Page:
# The function e^x

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So, what kind of function is this f(x) that we defined in the previous page?

$\displaystyle f(x)=\underset{{n\to \infty }}{\mathop{{\lim }}}\,{{\left( {1+\frac{x}{n}} \right)}^{n}}=1+\frac{x}{{1!}}+\frac{{{{x}^{2}}}}{{2!}}+\frac{{{{x}^{3}}}}{{3!}}+\frac{{{{x}^{4}}}}{{4!}}+...$

We will find this out in two different ways. To start with, we can see that f(1)=1.

Next, let us multiply f by e. This will give us

$\displaystyle \begin{array}{l}f(x)\cdot e=\underset{{n\to \infty }}{\mathop{{\lim }}}\,{{\left( {1+\frac{x}{n}} \right)}^{n}}\underset{{n\to \infty }}{\mathop{{\lim }}}\,{{\left( {1+\frac{1}{n}} \right)}^{n}}=\underset{{n\to \infty }}{\mathop{{\lim }}}\,{{\left( {1+\frac{x}{n}} \right)}^{n}}{{\left( {1+\frac{1}{n}} \right)}^{n}}\\\quad \quad \quad =\underset{{n\to \infty }}{\mathop{{\lim }}}\,{{\left( {\left( {1+\frac{x}{n}} \right)\left( {1+\frac{1}{n}} \right)} \right)}^{n}}=\underset{{n\to \infty }}{\mathop{{\lim }}}\,{{\left( {1+\frac{x}{n}+\frac{1}{n}+\frac{x}{{{{n}^{2}}}}} \right)}^{n}}\end{array}$

Next, we can make the three last terms having a common denominator

$\displaystyle \begin{array}{l}f(x)\cdot e=\underset{{n\to \infty }}{\mathop{{\lim }}}\,{{\left( {1+\frac{{x+1+\frac{x}{n}}}{n}} \right)}^{n}}=\underset{{n\to \infty }}{\mathop{{\lim }}}\,\underset{{n\to \infty }}{\mathop{{\lim }}}\,{{\left( {1+\frac{{x+1+\frac{x}{n}}}{n}} \right)}^{n}}\\\quad \quad \quad =\underset{{n\to \infty }}{\mathop{{\lim }}}\,f\left( {x+1+\frac{x}{n}} \right)=f\left( {x+1} \right)\end{array}$

So, every time we multiply by e we will increase the input parameter by one, and f(1)=1. Hmm, what kind of function are dealing with here? Ok, it is of course an exponential function with the base e, i.e.,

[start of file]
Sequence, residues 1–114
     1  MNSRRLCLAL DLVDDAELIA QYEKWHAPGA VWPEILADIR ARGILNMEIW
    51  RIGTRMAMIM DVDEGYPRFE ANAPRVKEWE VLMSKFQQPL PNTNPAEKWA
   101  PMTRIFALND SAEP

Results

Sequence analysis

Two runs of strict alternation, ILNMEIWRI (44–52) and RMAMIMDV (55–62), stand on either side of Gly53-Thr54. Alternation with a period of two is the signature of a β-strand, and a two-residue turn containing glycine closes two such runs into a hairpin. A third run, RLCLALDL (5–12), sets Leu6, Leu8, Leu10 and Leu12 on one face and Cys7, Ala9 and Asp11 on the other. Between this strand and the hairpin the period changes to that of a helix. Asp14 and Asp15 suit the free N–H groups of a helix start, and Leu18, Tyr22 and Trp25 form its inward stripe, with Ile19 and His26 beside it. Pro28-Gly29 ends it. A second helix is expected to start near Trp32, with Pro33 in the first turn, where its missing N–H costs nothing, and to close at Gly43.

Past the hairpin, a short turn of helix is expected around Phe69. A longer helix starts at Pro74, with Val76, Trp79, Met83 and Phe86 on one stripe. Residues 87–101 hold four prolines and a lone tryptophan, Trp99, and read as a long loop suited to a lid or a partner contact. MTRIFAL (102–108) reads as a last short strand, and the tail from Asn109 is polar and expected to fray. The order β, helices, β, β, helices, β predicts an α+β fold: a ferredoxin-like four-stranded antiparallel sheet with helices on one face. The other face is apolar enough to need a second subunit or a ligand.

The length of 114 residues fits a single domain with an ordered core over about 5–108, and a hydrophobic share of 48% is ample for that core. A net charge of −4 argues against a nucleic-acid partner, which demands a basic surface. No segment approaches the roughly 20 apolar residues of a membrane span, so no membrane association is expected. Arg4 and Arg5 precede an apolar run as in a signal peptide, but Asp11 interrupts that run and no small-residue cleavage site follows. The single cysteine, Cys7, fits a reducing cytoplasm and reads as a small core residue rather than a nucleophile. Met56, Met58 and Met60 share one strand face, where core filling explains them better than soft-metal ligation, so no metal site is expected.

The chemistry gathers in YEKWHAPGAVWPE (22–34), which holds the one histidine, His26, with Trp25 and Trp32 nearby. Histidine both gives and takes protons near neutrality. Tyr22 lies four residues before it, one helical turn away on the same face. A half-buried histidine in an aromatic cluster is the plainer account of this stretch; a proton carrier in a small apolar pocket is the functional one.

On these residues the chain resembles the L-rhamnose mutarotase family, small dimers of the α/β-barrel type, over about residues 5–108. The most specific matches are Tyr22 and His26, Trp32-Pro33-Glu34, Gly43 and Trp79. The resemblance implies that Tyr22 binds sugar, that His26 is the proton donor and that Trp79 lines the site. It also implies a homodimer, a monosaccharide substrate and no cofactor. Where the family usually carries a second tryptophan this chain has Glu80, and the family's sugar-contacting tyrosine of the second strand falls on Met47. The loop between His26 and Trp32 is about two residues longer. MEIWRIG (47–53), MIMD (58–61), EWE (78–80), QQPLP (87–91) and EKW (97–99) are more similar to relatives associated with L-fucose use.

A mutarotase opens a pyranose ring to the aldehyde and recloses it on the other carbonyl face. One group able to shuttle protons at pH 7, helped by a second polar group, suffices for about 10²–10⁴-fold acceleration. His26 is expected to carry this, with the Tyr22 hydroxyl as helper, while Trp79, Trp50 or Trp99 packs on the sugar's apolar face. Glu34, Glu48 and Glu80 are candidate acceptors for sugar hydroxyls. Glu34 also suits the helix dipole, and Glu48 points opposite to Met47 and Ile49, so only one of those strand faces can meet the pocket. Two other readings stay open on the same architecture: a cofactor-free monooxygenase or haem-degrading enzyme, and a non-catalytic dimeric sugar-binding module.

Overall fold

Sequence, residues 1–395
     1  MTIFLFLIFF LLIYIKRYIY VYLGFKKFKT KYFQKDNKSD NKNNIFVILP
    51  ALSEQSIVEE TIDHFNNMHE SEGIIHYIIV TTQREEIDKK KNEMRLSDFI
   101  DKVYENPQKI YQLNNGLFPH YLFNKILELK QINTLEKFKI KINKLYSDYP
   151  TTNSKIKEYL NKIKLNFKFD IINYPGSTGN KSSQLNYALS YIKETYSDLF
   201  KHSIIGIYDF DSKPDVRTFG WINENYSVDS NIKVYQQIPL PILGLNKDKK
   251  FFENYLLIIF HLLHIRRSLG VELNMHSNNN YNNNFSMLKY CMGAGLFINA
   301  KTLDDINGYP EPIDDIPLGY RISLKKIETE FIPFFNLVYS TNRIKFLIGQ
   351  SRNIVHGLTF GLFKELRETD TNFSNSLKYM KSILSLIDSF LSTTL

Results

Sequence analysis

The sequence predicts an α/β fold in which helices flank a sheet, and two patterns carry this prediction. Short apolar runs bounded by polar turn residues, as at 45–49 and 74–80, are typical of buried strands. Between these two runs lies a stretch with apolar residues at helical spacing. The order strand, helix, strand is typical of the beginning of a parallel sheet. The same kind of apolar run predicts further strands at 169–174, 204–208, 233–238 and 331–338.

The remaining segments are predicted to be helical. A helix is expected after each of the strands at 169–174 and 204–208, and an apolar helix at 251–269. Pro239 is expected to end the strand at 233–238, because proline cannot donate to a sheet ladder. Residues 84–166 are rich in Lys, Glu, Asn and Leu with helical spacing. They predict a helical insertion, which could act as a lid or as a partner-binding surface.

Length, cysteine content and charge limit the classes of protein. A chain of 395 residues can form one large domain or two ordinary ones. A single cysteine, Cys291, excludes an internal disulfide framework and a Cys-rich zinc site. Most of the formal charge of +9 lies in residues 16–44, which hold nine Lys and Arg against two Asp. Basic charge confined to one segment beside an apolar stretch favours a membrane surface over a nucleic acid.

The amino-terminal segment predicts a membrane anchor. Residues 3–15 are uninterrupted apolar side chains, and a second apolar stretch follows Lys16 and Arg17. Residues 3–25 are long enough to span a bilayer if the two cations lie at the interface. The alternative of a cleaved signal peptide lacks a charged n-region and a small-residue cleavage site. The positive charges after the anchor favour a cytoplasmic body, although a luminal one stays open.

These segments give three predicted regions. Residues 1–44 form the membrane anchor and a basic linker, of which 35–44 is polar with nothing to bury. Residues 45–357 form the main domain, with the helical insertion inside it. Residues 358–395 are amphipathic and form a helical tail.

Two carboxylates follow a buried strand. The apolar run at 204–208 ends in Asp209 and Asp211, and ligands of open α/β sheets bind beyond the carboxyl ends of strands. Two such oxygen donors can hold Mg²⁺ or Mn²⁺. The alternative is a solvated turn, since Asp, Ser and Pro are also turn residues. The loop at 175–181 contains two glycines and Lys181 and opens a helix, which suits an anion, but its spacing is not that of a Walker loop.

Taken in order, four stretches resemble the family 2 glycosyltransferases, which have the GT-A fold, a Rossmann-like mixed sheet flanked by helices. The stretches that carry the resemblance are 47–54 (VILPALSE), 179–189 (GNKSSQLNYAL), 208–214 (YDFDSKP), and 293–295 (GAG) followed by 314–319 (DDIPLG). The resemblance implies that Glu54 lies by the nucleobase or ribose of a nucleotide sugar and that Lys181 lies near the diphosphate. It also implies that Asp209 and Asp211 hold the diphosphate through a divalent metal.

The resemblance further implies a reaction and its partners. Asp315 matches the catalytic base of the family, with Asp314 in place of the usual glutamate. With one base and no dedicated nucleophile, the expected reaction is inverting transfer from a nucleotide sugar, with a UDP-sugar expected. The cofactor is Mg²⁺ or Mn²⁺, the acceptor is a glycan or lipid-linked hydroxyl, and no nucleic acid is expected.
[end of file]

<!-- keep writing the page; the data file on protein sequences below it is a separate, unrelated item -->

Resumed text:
$\displaystyle f(x)={{e}^{x}}$

Let us try to show this in a second way. We could start with looking at the expected result. Say we have

$\displaystyle g(x)={{e}^{x}}={{\left( {\underset{{n\to \infty }}{\mathop{{\lim }}}\,{{{\left( {1+\frac{1}{n}} \right)}}^{n}}} \right)}^{x}}=\underset{{n\to \infty }}{\mathop{{\lim }}}\,{{\left( {1+\frac{1}{n}} \right)}^{{nx}}}$

We could do that last step since n is independent of x.  Then we do a binomial expansion of this, or rather, a generalized binomial expansion to get

$\displaystyle g(x)={{e}^{x}}={{\left( {\underset{{n\to \infty }}{\mathop{{\lim }}}\,{{{\left( {1+\frac{1}{n}} \right)}}^{n}}} \right)}^{x}}=\underset{{n\to \infty }}{\mathop{{\lim }}}\,{{\left( {1+\frac{1}{n}} \right)}^{{nx}}}$

Just copying the reasoning from the first page in this section. An as in there we can see that most of those terms will go toward 0. This gives us

$\displaystyle g(x)={{e}^{x}}={{\left( {\underset{{n\to \infty }}{\mathop{{\lim }}}\,{{{\left( {1+\frac{1}{n}} \right)}}^{n}}} \right)}^{x}}=\underset{{n\to \infty }}{\mathop{{\lim }}}\,{{\left( {1+\frac{1}{n}} \right)}^{{nx}}}$

And our function is thus ex.

We have now established a few important facts.

$\displaystyle g(x)={{e}^{x}}={{\left( {\underset{{n\to \infty }}{\mathop{{\lim }}}\,{{{\left( {1+\frac{1}{n}} \right)}}^{n}}} \right)}^{x}}=\underset{{n\to \infty }}{\mathop{{\lim }}}\,{{\left( {1+\frac{1}{n}} \right)}^{{nx}}}$

$\displaystyle g(x)={{e}^{x}}={{\left( {\underset{{n\to \infty }}{\mathop{{\lim }}}\,{{{\left( {1+\frac{1}{n}} \right)}}^{n}}} \right)}^{x}}=\underset{{n\to \infty }}{\mathop{{\lim }}}\,{{\left( {1+\frac{1}{n}} \right)}^{{nx}}}$

and

$\displaystyle {{\left( {{{e}^{x}}} \right)}^{\prime }}={{e}^{x}}$

Up a level : Euler's number e
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